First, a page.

WISE — Chairman Larry Greear chuckled that the school board may have set a record short 27-minute meeting as it prepared to adjourn Tuesday night, but Superintendent Greg Mullins had covered a lot of ground in that time — from a very positive start to the new school year to the old Kelly high school building and its future use.

Mullins also briefed the board on higher-than-expected enrollment, just-in test score rankings and the recent denial of a parking lot proposal.


Principals across the division report that the return to school has gone extremely well, he told the board, adding that everyone was "engaged and going at it from day one."

Safety and comfort improvements completed over the summer have been well received, he said, and children are excited to be back in school.

Mullins reported attendance at 5,374 and well above the budgeted number of 5,350.

"We're pleased about that," he said, adding that they expect their numbers to continue to rise somewhat into September, as the division is picking up a child or two each day. They sometimes lose students at Christmas time and again in the spring, he noted.


The Virginia Department of Education released state test score rankings and accreditation reports that morning. All Wise County schools are officially and fully accredited, he told the board, and Wise County's performance on state Standards of Learning tests ranks it fifth in the state.

Mullins advised last month the division ranked first among school divisions that comprise Region 7.

While they are very pleased and proud of students, faculty and staff, he acknowledged some disappointment.

"We actually thought we might be among the very top of the heap," Mullins said. "But being first in the region and fifth in the state is nothing to sneeze about."

Ranked fifth out of 132 divisions statewide, "we can say we're at the top of the heap," said District 2 board member Phillip Bates.

"We'll continue to push toward number one," Mullins said.


Mullins reported disappointing news on the outcome of the division's parking lot idea at Wise Primary School.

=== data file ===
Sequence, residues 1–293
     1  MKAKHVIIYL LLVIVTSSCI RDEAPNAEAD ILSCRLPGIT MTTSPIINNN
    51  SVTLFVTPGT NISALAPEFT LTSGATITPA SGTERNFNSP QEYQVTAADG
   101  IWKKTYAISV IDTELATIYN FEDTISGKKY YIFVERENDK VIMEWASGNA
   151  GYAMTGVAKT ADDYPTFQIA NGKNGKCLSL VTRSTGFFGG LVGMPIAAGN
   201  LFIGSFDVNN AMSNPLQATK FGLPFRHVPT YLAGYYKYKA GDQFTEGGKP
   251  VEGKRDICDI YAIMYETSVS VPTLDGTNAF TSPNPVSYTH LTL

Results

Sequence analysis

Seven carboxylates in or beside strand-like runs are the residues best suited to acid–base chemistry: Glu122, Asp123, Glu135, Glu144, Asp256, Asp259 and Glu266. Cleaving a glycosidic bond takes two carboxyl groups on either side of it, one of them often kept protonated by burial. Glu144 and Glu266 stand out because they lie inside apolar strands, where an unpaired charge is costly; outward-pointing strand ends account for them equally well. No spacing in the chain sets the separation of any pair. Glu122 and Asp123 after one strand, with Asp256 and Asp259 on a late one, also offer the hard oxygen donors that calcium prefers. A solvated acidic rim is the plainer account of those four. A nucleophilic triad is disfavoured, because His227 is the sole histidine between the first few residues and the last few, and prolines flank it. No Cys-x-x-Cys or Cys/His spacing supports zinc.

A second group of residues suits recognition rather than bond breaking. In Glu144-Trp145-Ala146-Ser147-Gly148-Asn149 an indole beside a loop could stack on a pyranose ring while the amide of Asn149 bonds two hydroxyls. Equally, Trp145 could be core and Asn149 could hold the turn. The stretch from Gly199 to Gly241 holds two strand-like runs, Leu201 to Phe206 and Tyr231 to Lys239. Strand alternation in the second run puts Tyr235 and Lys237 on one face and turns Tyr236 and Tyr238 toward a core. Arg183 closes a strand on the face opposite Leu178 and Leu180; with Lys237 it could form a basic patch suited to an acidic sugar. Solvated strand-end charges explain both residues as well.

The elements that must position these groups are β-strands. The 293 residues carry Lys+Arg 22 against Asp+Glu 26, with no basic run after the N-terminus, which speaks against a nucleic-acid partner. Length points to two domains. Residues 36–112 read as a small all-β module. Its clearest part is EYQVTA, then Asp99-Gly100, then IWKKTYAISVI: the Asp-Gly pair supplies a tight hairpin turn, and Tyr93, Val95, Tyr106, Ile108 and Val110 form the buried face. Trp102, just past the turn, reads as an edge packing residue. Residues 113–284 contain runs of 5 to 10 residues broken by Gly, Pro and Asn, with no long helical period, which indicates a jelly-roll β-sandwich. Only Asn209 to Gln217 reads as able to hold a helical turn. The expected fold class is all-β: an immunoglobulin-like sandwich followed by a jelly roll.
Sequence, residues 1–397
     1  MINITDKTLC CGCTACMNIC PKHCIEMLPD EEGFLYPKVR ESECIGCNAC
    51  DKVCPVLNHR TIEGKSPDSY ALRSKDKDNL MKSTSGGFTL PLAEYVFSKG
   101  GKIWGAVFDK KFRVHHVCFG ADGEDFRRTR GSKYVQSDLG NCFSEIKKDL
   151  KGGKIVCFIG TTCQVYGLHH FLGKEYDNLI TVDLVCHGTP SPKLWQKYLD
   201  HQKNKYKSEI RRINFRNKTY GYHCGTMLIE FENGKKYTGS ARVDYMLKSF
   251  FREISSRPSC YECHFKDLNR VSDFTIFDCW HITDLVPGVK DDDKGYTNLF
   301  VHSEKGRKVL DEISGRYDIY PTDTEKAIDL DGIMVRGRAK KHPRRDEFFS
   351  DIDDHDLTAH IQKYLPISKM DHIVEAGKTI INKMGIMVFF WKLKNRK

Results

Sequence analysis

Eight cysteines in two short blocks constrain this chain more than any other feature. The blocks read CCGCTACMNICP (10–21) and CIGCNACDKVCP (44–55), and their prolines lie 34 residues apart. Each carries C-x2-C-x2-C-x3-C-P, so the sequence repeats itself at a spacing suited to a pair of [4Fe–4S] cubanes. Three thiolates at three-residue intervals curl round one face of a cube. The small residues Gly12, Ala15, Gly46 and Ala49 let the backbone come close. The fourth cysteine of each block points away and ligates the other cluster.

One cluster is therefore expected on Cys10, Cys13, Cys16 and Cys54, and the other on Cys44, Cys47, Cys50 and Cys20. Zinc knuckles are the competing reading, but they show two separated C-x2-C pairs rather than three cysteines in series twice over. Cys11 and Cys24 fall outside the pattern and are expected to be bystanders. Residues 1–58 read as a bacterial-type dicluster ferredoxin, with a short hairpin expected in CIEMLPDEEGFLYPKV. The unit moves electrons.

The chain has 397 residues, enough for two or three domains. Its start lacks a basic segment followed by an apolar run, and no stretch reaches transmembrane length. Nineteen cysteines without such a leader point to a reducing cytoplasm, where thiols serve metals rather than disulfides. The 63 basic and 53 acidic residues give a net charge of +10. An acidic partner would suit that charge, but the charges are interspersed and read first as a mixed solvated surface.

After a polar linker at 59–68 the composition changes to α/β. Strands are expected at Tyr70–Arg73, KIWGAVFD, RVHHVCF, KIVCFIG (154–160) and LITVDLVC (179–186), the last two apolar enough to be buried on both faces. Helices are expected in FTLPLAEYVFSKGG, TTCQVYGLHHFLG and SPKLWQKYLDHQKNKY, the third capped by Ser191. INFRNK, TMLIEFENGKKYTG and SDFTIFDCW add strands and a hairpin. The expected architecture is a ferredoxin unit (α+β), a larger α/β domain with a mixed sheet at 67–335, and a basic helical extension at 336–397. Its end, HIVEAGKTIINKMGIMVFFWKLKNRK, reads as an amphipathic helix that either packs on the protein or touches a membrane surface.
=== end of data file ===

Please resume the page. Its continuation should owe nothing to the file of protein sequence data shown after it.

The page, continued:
They had hoped to create 24 parking spaces at the front of the school, adjacent to the bus circle. While they didn't think it would alleviate nagging congestion problems around the elementary and L.F. Addington Middle School, he said, they thought it might be a first step toward help, especially on exceptionally heavy traffic days when they have special events, like Grandparents Day or Christmas parties.

But when they made their pitch, he said, Wise Planning Commission thought the idea would do just the opposite, creating problems instead, and denied the request.

'We respect their concerns but we somewhat disagree with the commission on the project's positive impact," Mullins said.

The superintendent said they had explained to the commission that when those two schools were built across from each other, most students arrived on buses and could be dropped off together. Today, Mullins said, there's more vehicle traffic than there's ever been since he's been in education.

Now, parking is at a premium and there's serious congestion for a period of time, he said, although things run relatively smoothly after that, given the volume of traffic.

Some residents who live adjacent to the area were in attendance and spoke, he said, not against the parking lot but mostly against the congestion.

Mullins said the commission had questions about who would park in the new spaces. When he explained they would be reserved for faculty, freeing up spaces elsewhere, Mullins said questions then turned to how they would ensure that happens. They were asked what would keep others from taking those spots if staff left during the day.

While they felt as if they had answered the commission's questions, he said, concerns remained and "ultimately we were denied.

"It's kinda where we're at," he said, adding the the division would "continue to look at creative ways to eliminate congestion."


Wise County and engineers from Thompson & Little are in the preliminary stages of assessing the future use of the old J.J. Kelly High School for housing county municipal offices. The school division was part of a recent gathering, he told the board, noting they are "certainly open to being part of the discussion . . . to make better use of resources."

But Mullins said he told County Administrator Mike Hatfield that the division's involvement "would have to make sense from a logistical standpoint."

When you begin to hear from the various agencies and what would be required, he said, "it's a pretty big undertaking."

Among those represented in the discussion that day, he said, it would require 287 office spaces to house them.

Mullins said the division would continue to listen, talk and share.